WATERVILLE — As the city faces a proposed $1.1 million increase in its municipal and school budget for 2014-15, a local lawyer Tuesday night complained to city officials that the current property tax rate — $27.40 per $1,000 of assessed valuation — already is too high.
Thomas J. Nale Jr. told city councilors the city is facing a financial crisis and has one of the highest tax rates in the state.
Mayor Karen Heck and Councilor Erik Thomas, D-Ward 4, sought to clarify the tax rate figure, saying Waterville is assessed at only 80 percent value, while some other municipalities are assessed at 100 percent, which makes Waterville’s tax rate appear much worse than others.
“If we were at 100 percent, we would have a mill rate of $19,” Heck said.
In a discussion that turned heated at times, Heck told Nale that one of the reasons for the city’s financial position is that the state owes it $5.7 million in revenue sharing funds.
“Have not all the cities in the state of Maine lost revenue sharing?” Nale responded.
Heck said the city also has been using surplus money to continue to provide services people want — services that in the past were funded by state revenue sharing money.
She said former Mayor Paul LePage, who now is governor, also cut city services and positions and consolidated some departments while he was in office in Waterville.
“Is the answer that, if we’re facing a budgetary crisis, we should blame the state?” Nale asked.
The financial debate was precipitated by remarks Thomas made on an entirely different topic — solid waste disposal.
The city has been exploring alternatives to its current practice of curbside trash pickup. Some officials, including Thomas, recommend that the city change to a pay-per-bag system. Under that system, people buy special trash bags for $2 each, fill them with their trash and leave them at the curb for pickup by the city truck. He and others also recommend that if the city go with that system, it also have a curbside single-stream recycling system.
Thomas on Tuesday night said one of the biggest complaints he gets about the proposed pay-per-bag system is that the city runs the risk of more illegal dumping.
He said a friend contacted him on Facebook, reported there was a lot of trash on County Road and took a picture of that trash to illustrate the scenario the city would experience if it adopts pay-per bag.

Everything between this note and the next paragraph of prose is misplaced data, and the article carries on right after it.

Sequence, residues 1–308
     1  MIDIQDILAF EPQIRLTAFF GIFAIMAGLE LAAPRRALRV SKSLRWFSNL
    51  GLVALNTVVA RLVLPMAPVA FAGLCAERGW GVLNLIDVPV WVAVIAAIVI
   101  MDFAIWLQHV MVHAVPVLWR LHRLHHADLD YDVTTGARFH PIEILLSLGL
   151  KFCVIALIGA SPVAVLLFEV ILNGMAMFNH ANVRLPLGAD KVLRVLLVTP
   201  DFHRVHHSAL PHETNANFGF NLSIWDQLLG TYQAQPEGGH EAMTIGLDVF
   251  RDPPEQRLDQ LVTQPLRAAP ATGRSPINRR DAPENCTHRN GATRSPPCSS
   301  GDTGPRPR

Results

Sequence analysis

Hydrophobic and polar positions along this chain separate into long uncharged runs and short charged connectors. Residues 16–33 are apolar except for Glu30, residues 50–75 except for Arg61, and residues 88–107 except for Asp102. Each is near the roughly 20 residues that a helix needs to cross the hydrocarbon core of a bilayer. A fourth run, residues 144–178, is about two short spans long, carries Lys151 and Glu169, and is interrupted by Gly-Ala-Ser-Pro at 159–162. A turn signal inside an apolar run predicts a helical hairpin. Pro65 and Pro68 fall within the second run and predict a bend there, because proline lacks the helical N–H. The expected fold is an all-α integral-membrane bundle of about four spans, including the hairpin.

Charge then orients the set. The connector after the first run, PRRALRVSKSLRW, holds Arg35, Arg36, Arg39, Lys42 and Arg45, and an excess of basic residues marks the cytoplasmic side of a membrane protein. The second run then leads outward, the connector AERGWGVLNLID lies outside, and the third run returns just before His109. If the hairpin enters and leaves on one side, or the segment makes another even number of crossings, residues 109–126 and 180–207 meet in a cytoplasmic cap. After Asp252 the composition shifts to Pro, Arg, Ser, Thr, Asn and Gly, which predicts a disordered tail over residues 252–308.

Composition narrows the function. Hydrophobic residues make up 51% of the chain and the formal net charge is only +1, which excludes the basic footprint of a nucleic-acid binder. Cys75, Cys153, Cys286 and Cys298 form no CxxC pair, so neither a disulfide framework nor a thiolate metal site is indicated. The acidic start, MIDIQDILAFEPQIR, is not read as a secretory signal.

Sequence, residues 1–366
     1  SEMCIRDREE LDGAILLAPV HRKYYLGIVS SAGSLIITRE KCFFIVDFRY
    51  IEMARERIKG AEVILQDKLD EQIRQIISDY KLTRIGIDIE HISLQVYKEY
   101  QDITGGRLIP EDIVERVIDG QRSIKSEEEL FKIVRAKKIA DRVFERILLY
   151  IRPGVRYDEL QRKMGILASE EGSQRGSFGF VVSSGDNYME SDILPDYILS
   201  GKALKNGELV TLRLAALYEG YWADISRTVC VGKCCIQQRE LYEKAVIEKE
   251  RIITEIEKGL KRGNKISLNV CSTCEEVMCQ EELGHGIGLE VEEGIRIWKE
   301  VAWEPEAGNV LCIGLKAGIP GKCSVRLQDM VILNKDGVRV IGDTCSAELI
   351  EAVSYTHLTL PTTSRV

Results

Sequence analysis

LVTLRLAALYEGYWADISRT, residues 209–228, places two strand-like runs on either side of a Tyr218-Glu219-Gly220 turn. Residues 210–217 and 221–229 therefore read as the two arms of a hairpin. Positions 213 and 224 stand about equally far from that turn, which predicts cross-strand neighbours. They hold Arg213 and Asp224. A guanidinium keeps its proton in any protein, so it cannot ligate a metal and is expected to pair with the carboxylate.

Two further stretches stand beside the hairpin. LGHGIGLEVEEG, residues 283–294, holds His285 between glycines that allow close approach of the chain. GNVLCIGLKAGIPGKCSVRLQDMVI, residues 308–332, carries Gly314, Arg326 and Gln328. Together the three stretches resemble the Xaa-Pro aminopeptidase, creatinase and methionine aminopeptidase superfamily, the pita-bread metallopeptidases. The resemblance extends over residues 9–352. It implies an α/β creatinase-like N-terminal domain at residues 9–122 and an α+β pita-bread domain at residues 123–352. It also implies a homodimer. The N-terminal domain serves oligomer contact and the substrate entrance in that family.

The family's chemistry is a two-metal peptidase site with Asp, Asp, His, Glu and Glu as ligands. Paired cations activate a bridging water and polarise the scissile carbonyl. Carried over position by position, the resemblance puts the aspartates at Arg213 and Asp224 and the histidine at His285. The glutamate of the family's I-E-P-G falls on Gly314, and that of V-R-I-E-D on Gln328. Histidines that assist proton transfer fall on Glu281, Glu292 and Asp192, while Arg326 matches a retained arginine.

Thomas said he issued a challenge, inviting the friend to help him clean up the trash on County Road.
“Of course, he did not show up,” Thomas said, adding that he spent three hours of his afternoon there Tuesday, gathering the trash. The city’s Public Works Department would come and pick it up, he said.
Thomas said if people in the community have reached the point that they don’t think they’re able to dealing with something as simple as illegal dumping, they might as well call it a night.
“If people spend one-tenth of the time that they spend complaining doing something about the problem rather than waiting for the city to do it for them, then we’d all be better off,” Thomas said.
Shortly after that, Nale, who was sitting in the audience with his father, former mayor Thomas J. Nale, walked to the microphone and said he thought the statement Thomas made about sitting there, listening to a lot of people complain about problems, was a valid one.
However, Nale Jr. said, it was an ironic statement, considering that the city spends a lot to support people who don’t have any interest in solving problems. He then went on to cite property tax rates for municipalities such as Westbrook, Gardiner and Augusta, all of which are lower than Waterville’s.
Thomas told Nale Jr. the city’s general assistance budget is $130,000, and another $180,000 is spent in that department for administration.
“It costs more than the general assistance itself?” Nale Jr. asked of the administrative budget. “So what you’re saying is we have a program to give people general assistance and administer it to show them how to spend the money taxpayers are giving them?”
Thomas said that was part of it, but the employees do other things, such as make sure fraud does not take place and that people who need assistance are connected with other resources. Heck added that the department helps people get jobs and stable housing as well.
“This is very interesting,” Nale Jr. said. “So what you’re telling me is we have a general assistance program and in addition, administration that shows them how to get further assistance?”
Councilor John O’Donnell, D-Ward 5, who also is a lawyer, said Nale Jr. made a good point. The city does have 80 percent property valuation and the tax rate is high, he said.
“We are very high and we are increasing taxes for the fourth year in a row, despite the fact that they’re very high,” O’Donnell said.
Heck noted that the city is a service center that pays for people who do not pay taxes here to get services. She was referring to the fact that the population of about 16,500 more than doubles during the day when people come into the city to work, shop and do other activities; but they use city services, and about 30 percent of city property is tax-exempt because it is owned by nonprofit organizations, including colleges, hospitals and churches.
“So is our response, raise taxes again, darn it?” O’Donnell asked.
Soon thereafter, Councilor Dana Bushee, D-Ward 6, tried to move the agenda along, saying the discussion had gone past the number of minutes allowed for people to speak under community notes.
“Are we able to do point of order or something?” she asked.
Heck then told Nale Jr. that if he wanted to argue about trash, he could come back next week when that issue will be discussed.
“I’m not arguing about trash,” he replied.